A Growing Population
New BRCC Courses Level Playing Field For English As A Second Language Students
Posted: December 5, 2012
HARRISONBURG — When Pam Yates, assistant professor of English at Blue Ridge Community College, moved to the Shenandoah Valley, she had a preconceived notion about the people who live here.
“I had an idea that it might be a really homogenous culture,” said Yates, who has been surprised to encounter students who speak Spanish, Russian, Kurdish, Gujarati, Lingala, Chinese and Korean at the Weyers Cave school.
“We have had so many different nationalities it is amazing,” Yates said.
As the area population of students who speak English as a second language has continued to grow, so has the college’s commitment to serving that population. That commitment led to the creation of an International Education Task Force in fall of 2007.
The most recent attempt to serve that emerging immigrant population is the creation of two classes that will be offered for the first time this spring to prepare ESL students for college-level work.
“It’s ambitious because, truthfully speaking, it is really hard [to learn a language],” said Yates, who is coordinating the classes. “Language learning takes a lot of time.”
The courses are meant to level the playing field for ESL students by sharpening their composition and reading skills to prepare them for general coursework, Yates said. The students will be enrolled in the classes based on a placement test.
Most students are required to take a placement test at BRCC before enrolling in English or math classes. Another test is specifically for ESL students, which gauges students’ listening, reading, grammar and writing skills.
Based on those placement tests, students either enroll in college-level courses or in developmental math or English. Now, ESL students who test into the developmental courses will have classes with a strong focus on learning English.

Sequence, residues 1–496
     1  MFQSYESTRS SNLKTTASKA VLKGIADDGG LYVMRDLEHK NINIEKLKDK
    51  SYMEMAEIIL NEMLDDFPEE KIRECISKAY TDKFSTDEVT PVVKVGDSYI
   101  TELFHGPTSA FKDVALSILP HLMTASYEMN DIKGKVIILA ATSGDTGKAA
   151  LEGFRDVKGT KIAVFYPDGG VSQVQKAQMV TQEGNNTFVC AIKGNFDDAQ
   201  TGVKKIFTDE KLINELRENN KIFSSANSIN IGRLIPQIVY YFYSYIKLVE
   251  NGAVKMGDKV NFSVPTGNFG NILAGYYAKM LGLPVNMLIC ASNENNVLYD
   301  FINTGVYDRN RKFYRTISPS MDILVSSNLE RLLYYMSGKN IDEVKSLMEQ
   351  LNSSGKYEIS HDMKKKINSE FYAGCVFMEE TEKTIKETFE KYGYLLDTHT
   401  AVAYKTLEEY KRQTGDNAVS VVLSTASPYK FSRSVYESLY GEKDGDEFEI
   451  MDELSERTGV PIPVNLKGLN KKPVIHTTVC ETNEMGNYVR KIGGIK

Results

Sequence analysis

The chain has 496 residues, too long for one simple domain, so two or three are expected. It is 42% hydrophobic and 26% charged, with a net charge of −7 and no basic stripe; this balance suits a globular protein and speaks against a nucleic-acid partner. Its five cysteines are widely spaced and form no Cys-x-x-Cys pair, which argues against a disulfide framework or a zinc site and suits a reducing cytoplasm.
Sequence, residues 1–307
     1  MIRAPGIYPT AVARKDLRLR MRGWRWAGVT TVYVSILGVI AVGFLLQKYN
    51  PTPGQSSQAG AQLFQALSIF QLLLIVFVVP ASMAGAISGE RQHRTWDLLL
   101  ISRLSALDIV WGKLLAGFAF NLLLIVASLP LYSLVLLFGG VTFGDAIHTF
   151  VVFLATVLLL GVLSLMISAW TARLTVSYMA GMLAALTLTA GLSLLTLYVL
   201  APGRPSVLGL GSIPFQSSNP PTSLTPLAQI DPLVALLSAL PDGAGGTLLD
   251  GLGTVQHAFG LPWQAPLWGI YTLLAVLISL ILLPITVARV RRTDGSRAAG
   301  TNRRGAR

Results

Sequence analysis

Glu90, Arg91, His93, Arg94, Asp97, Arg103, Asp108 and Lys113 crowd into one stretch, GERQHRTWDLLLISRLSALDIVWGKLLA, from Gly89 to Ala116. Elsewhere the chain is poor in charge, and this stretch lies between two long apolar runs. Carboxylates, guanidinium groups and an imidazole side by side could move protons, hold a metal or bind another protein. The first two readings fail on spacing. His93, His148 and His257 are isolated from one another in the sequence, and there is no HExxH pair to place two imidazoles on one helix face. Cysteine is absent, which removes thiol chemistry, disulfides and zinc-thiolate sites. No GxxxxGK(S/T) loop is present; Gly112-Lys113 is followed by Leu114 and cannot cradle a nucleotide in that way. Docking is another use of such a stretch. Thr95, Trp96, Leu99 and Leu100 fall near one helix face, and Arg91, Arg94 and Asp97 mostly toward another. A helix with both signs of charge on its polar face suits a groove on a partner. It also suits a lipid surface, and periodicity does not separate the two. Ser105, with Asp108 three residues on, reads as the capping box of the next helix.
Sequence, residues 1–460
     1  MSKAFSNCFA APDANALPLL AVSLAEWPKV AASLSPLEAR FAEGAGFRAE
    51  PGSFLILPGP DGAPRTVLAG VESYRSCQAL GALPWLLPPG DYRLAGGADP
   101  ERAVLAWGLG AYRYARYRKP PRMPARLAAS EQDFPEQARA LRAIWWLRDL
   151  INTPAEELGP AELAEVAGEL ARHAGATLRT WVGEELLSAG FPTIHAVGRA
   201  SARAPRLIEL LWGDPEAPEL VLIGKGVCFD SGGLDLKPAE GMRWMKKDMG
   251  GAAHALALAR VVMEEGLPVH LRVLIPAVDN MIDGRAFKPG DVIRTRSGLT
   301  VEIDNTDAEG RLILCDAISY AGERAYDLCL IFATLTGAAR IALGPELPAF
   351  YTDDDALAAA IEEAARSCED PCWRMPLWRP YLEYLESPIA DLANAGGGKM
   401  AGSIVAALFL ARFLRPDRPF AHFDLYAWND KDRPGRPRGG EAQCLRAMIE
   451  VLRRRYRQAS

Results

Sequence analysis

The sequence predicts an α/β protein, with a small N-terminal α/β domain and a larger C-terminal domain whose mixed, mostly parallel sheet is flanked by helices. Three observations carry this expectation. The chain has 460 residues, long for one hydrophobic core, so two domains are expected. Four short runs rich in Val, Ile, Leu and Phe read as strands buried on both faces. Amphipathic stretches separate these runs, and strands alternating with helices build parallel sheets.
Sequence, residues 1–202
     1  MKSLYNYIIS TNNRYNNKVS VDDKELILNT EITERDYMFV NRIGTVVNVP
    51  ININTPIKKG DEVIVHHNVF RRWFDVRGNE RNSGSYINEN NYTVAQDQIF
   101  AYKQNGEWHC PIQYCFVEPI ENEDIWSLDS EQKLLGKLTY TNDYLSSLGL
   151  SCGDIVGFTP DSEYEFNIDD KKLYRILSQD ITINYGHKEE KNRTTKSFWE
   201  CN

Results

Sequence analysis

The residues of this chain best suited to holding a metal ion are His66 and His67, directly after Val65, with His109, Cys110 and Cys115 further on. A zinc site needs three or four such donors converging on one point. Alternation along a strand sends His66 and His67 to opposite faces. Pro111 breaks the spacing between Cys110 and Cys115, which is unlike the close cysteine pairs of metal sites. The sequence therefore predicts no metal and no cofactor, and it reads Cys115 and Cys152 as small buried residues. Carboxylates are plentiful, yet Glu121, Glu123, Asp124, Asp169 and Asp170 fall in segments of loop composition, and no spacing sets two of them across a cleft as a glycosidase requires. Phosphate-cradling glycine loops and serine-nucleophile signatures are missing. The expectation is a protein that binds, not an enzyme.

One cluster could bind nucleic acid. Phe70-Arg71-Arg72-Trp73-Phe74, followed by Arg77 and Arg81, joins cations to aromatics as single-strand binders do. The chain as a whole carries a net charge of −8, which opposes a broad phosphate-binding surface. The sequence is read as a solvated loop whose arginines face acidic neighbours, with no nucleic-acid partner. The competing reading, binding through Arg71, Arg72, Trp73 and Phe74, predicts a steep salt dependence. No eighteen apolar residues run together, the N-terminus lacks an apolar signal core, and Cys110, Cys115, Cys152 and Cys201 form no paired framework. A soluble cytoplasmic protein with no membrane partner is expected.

The two ESL classes cannot be applied toward graduation, but qualified students can receive financial aid to take them.
“This is going to make it much better for these students,” Yates said. “The instruction is going to be designed to help them learn more efficiently and to really help them in the language aspects.”
By The Numbers
A combination of services and opportunities — through such programs as Harrisonburg Refugee Resettlement, New Bridges Immigrant Resource Center and Skyline Literacy, which offers citizenship and language training — have made the area a prime destination for immigrants in recent years.
Agricultural-based jobs, particularly in the Valley’s poultry processing plants, have been another strong draw for immigrant labor.
The result has been most noticeable in Harrisonburg City Schools, which reports that nearly 36 percent of the division’s students speak English as a second language.
Overall, about 14 percent of the city’s residents are foreign-born, according to U.S. Census Bureau data estimates for 2009-11.
Of the more than 37,400 people living in Harrisonburg who were 18 or older during those years, 11.7 percent spoke a language other than English, according to the data. Of those, approximately 64.4 percent said they spoke English “very well.”
The percentage of people speaking another language living in the other communities that BRCC largely draws from — Augusta, Highland and Rockingham counties and the cities of Staunton and Waynesboro — is far less than in Harrisonburg. Comparative census data for Highland County, Staunton and Waynesboro is not available because “the number of sample cases is too small.”
In Rockingham County, 3.5 percent of the nearly 56,000 people recorded by the Census Bureau who were at least 18 said they spoke a language other than English, and of that number 84.5 percent said they did so “very well.”
In Augusta County, 2.1 percent of the 57,350 people 18 and older recorded in the census data said they spoke a language other than English; 70.4 percent did so “very well.”
Yates said reaching out to immigrant and bilingual residents is important for BRCC.
“I think what we really want for our immigrant residents and students from other cultures with other language backgrounds to know [is] that they’re very welcome here,” she said.
For more information about the classes contact Pam Yates at firstname.lastname@example.org.
Contact Emily Sharrer at 574-6286 or email@example.com